608 pages, Doubleday, ISBN-13: 978-0385515696
Much has been written about how countries throw off the shackles of totalitarianism and move towards democracy, but few books explain the opposite: how do countries collapse and become totalitarian dictatorships, casting off freedom and democracy? In that respect, Iron Curtain: The Crushing of Eastern Europe, 1944-1956 by Anne Applebaum is a fascinating glimpse into how so many radically different countries wound up being forced into accepting Communist governments at the end of World War II. Many Americans believe this occurred simply because these countries were occupied by Russian troops and that their conversion to Communism was a fiat accompli, but the reality couldn’t have been further from the truth. Most monarchs fought to retain their thrones and the reconstituted governments more or less resembled what they were prior to the war, and following Soviet occupation there was a fairly lengthy period of cohabitation where these liberated countries sought to determine their future course of governance; that they would automatically become Russian satellites was not necessarily a foregone conclusion, as witnessed in Austria.
In reality, any one of a number of Eastern European states could have fought more vigorously to have retained a democratic form of government, and Applebaum makes extensive use of recently declassified documents from archives in the former Communist bloc that help round out how events unfolded in this era. The result is both fascinating and shocking, adding further proof disputing the long held belief that somehow Roosevelt sold out Eastern Europe to Stalin at Yalta. What Applebaum lays out is events as they happened, taking into account the death of Roosevelt, Truman’s utter unpreparedness for assuming the Presidency, voters in the United Kingdom turning Churchill out of office at a critical point, and the general confusion over the political situation on the ground as the war came to an end. Clearly, Stalin had learned from the Communists’ lack of success at seizing control of various governments through armed revolution at the end of World War I; violent overthrow wasn’t going to work, but using political methods to seize the upper hand might, and it would have the added advantage of giving a veneer of legitimacy that he desperately wanted to lend his power grab.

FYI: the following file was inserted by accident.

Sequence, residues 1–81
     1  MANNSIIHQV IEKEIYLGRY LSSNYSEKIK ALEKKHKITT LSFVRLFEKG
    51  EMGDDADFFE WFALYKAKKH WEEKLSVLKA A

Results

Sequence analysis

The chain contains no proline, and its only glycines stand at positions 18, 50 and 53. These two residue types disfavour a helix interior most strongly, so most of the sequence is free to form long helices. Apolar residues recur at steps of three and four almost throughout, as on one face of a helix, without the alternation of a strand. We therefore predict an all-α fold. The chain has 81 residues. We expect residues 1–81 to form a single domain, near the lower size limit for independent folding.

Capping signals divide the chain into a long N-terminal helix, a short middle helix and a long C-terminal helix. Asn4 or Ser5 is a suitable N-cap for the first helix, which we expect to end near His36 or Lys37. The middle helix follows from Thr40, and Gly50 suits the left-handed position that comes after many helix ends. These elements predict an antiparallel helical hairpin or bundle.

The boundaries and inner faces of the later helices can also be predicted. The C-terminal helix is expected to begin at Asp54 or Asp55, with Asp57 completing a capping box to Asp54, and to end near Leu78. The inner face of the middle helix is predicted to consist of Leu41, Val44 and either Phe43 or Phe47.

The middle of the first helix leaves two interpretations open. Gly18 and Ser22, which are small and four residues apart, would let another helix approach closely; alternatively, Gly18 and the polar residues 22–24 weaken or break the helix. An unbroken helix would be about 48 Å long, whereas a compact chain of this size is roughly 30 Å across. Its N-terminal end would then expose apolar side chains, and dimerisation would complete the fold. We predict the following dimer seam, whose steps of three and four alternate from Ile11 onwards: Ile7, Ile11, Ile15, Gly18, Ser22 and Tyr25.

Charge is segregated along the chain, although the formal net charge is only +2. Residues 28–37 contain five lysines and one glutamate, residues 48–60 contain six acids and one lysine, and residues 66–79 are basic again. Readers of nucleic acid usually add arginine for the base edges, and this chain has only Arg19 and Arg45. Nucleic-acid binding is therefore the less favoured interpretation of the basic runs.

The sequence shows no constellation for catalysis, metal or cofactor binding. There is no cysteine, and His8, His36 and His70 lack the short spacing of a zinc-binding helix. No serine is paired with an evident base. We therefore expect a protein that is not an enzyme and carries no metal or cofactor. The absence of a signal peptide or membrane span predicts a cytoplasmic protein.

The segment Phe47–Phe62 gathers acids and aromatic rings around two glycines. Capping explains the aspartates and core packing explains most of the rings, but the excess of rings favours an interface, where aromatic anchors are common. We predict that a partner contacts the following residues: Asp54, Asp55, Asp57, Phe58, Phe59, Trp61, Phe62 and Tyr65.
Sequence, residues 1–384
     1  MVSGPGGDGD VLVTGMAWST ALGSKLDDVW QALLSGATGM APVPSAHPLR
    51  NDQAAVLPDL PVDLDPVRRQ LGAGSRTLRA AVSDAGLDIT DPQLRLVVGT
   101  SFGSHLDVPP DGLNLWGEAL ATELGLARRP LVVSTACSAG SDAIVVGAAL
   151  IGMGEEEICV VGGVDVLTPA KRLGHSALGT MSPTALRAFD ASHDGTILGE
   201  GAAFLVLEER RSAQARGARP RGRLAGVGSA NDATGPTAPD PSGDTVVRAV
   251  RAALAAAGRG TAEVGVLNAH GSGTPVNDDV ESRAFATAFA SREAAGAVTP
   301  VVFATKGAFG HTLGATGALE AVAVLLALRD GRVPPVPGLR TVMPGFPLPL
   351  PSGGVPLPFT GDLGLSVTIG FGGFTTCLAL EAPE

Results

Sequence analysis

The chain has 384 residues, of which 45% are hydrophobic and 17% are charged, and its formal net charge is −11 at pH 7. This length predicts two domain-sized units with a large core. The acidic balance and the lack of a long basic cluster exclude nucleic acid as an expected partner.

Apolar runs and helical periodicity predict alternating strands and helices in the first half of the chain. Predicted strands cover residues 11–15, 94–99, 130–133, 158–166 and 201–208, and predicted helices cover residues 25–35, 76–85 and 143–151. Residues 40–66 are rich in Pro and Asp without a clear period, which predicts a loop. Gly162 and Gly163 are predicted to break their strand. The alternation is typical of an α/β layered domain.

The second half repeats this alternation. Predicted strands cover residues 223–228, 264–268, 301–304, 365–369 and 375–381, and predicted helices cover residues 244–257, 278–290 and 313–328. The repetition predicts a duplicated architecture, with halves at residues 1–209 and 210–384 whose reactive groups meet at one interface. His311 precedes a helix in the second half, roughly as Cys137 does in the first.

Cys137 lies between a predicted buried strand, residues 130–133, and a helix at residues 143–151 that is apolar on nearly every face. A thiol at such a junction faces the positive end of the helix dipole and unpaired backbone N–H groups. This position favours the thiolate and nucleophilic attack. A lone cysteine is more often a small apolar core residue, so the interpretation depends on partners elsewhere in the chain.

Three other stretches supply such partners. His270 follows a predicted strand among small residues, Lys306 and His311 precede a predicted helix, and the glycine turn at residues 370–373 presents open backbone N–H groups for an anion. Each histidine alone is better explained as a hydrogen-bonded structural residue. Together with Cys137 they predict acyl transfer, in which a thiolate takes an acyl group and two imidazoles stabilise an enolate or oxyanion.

Many of these Eastern and Central European countries were early 20th Century creations, bits of the former Ottoman and Austro-Hungarian empires who had asserted their self-determination and ascendant nationalism. Casting off the supranationalism of those former empires they were politically independent, yet dependent-still on support for self-defense and slow in developing strong political and judicial institutions. As most quickly crumbled under German domination when war broke out, they subsumed to that same domination, weakening what little they had developed. Many of these nations were collaborating with the Germans rending their governments discredited when the war ended. The vacuum created in the political sphere war’s end gave an opportunity and opening for Communist leaning or affiliated parties to gain greater dominance. The largess from Soviet Russia during those desperate times of food shortages opened the door for friendlier relations, while paranoid Soviet reaction to U.S. policy following the war created tensions that began to drive a wedge between those Central and Eastern European nations and the West. It is the slow ratcheting up of those tensions that Applebaum captures so well here; the flashpoints and ruptures that created more cracks and breaks between East and West, with Central and Eastern Europe used as pawns between the two.
That these nations’ forged closer ties to Soviet Russia was not inevitable, and although all eventually subsumed their individual, nationalistic ambitions and desires and were forced back into a grand supranational allegiance; this time not to empire, but to global Communism. Applebaum adds greatly to our understanding of this complicated era which has only recently begun to be examined more closely. This book is full of keen insight and sharp prose, and I wish that more historians had Applebaum’s ability to simplify the complicated.